13. Samsam M., Coveñas R., Ahangari R., Yajeya J., Narváez J.A., Tramu G.: Simultaneous depletion of neurokinin A, substance P and calcitonin gene related peptide immunoreactivities in the caudal trigeminal nucleus of the rat following electrical stimulation of the Gasserian ganglion: a possible co-release of neuropeptides. PAIN, 2000, 84: 389- 395.
    14. Samsam M., Coveñas R., Ahangari R., Yajeya J., Riquelme R. and Narváez J.A.: Changes in neuropeptide distribution in the caudal trigeminal nucleus following electrical stimulation of the trigeminal ganglion: an experimental migraine model. MAPFRE MEDICINA ESPANA, 2000, 11/2: 111- 118.
    15. Samsam M., Coveñas R., Ahangari R., Yajeya J., Narváez J.A., Tramu G.: Neurokinin A and Substance P and calcitonin gene-related peptide immunoreactivities in the rat caudal trigeminal ganglion. Neurosci. Let.,1999, 261: 1-4.
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    Dr. Salvador Almagro-Moreno
  • Title: Assistant Professor
  • Office: BMS 125A
  • Phone: 407.823.3982; 407.823.3987 (lab)
  • Send an Email
  • Biography:

    Our primary scientific interest lies at the interface between ecology and pathogenesis. We investigate how environmental factors affect the pathogenic potential of marine bacteria, which genetic traits are prerequisites in colonizing a new niche such as the human host, how they acquire and regulate virulence genes, and what are their ecological relationships with other members of their natural environment and the host’s microbiota.

    We study members of the family Vibrionaceae, a highly diverse group of marine bacteria that includes from symbionts to human pathogens. Some of the species we work with include Vibrio cholerae, the etiological agent of the severe diarrheal disease cholera, Vibrio vulnificus, an emergent pathogen that causes a deadly septicemia, and Vibrio coralliilyticus, a coral pathogen whose emergence is linked to climate change.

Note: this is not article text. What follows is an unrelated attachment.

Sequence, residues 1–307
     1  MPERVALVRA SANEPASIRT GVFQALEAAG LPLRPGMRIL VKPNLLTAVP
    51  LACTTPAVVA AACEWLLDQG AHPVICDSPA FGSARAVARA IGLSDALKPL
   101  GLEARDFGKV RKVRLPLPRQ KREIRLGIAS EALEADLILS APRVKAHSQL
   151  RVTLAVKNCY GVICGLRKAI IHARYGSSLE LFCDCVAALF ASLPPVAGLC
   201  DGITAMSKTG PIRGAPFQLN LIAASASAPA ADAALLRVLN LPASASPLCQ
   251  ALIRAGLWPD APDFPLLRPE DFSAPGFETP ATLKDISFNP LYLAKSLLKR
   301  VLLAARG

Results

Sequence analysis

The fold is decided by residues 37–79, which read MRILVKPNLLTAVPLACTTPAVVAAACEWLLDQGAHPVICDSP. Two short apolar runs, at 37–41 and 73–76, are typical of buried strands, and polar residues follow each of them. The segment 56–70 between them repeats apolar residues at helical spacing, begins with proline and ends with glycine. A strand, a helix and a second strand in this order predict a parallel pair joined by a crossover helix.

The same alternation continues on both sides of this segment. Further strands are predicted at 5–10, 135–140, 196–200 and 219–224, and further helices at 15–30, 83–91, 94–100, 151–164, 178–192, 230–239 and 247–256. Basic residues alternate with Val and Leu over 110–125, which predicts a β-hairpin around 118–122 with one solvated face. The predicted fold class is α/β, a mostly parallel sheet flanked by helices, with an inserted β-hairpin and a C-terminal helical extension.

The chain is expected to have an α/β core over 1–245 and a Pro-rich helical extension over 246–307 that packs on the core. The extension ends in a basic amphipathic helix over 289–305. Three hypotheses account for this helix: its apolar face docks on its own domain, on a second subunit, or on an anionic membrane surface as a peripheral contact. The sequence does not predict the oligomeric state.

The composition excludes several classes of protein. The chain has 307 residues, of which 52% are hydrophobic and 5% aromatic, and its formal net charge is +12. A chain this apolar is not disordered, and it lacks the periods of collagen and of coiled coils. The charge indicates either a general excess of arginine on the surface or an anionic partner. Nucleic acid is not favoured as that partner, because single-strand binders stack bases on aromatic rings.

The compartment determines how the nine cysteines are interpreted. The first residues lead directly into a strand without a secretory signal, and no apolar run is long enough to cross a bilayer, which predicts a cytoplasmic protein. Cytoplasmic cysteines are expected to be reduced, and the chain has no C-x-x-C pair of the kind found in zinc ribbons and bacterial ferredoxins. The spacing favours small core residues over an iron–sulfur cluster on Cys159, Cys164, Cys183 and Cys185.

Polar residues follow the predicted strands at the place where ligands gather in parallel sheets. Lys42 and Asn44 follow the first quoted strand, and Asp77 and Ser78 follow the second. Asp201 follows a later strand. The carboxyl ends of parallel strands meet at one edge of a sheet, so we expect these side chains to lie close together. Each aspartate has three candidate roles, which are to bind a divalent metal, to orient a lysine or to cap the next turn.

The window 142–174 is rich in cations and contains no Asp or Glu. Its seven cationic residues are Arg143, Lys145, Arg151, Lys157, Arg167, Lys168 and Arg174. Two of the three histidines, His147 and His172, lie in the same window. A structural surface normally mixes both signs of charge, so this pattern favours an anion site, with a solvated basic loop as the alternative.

Our research approach strives to be holistic and multidisciplinary; what we call “From Bays to Bases”. It encompasses a mix of molecular biology, genomics, phylogenetics, pathogenesis, and ecology. We believe that by understanding pathogen evolution and ecology we will ultimately gain the knowledge that will allow us to forecast the traits of emergent virulent strains, predict the sources of outbreaks, and to design and produce affordable and safe vaccines and reliable treatments against bacterial threats.

    Learn more about my lab

    Recent Publications


    1. Bile salts and alkaline pH reciprocally modulate the interaction between the periplasmic domains of Vibrio cholerae ToxR and ToxS
    C. R. Midgett, S. Almagro-Moreno, M. Pellegrini, R. K. Taylor, K. Skorupski, F. J. Kull. Molecular Microbiology. 2017

    2. Origins of pandemic clones from environmental gene pools
    B. J. Shapiro, I. Levade, G. Kovacikova, R. K. Taylor, S. Almagro-Moreno*. Nature Microbiology. 2016

    3. Intestinal colonization dynamics of Vibrio cholerae
    S. Almagro-Moreno*, K. Pruss, and R. K. Taylor. PLoS Pathogens. 2015

    4. Proteolysis of virulence regulator ToxR is associated with entry of Vibrio cholerae into a dormant state
    S. Almagro-Moreno*, T. K. Kim, K. Skorupski, and R. K. Taylor. PLoS Genetics. 2015

    5. Role of ToxS in the proteolytic cascade of virulence regulator ToxR in Vibrio cholerae
    S. Almagro-Moreno*, M. Z. Root, and R. K. Taylor. Molecular Microbiology. 2015

    6. Host-like carbohydrates promote bloodstream survival of Vibrio vulnificus in vivo
    J. B Lubin, W. G. Lewis, N. M. Gilbert, S. Almagro-Moreno, E. F. Boyd, A. L. Lewis. Infection and Immunity. 2015